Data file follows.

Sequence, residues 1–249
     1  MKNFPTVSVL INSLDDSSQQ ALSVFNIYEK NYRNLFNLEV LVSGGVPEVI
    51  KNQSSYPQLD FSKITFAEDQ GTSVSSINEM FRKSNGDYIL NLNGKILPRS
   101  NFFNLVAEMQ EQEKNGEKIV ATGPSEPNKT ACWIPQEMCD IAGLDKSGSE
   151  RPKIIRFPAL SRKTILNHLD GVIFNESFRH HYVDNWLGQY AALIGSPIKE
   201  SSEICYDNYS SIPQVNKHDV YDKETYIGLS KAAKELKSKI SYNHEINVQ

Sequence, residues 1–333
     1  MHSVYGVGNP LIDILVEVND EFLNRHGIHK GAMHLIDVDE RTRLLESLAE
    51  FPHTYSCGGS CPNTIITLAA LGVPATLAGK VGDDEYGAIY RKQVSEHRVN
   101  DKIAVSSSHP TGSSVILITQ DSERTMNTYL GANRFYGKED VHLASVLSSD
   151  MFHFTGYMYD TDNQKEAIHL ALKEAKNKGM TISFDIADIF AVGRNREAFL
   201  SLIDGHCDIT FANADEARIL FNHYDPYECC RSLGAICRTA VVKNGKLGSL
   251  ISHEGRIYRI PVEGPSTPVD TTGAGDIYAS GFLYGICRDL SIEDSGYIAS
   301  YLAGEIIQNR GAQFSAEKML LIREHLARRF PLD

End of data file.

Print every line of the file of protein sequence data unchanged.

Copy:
Sequence, residues 1–249
     1  MKNFPTVSVL INSLDDSSQQ ALSVFNIYEK NYRNLFNLEV LVSGGVPEVI
    51  KNQSSYPQLD FSKITFAEDQ GTSVSSINEM FRKSNGDYIL NLNGKILPRS
   101  NFFNLVAEMQ EQEKNGEKIV ATGPSEPNKT ACWIPQEMCD IAGLDKSGSE
   151  RPKIIRFPAL SRKTILNHLD GVIFNESFRH HYVDNWLGQY AALIGSPIKE
   201  SSEICYDNYS SIPQVNKHDV YDKETYIGLS KAAKELKSKI SYNHEINVQ

Sequence, residues 1–333
     1  MHSVYGVGNP LIDILVEVND EFLNRHGIHK GAMHLIDVDE RTRLLESLAE
    51  FPHTYSCGGS CPNTIITLAA LGVPATLAGK VGDDEYGAIY RKQVSEHRVN
   101  DKIAVSSSHP TGSSVILITQ DSERTMNTYL GANRFYGKED VHLASVLSSD
   151  MFHFTGYMYD TDNQKEAIHL ALKEAKNKGM TISFDIADIF AVGRNREAFL
   201  SLIDGHCDIT FANADEARIL FNHYDPYECC RSLGAICRTA VVKNGKLGSL
   251  ISHEGRIYRI PVEGPSTPVD TTGAGDIYAS GFLYGICRDL SIEDSGYIAS
   301  YLAGEIIQNR GAQFSAEKML LIREHLARRF PLD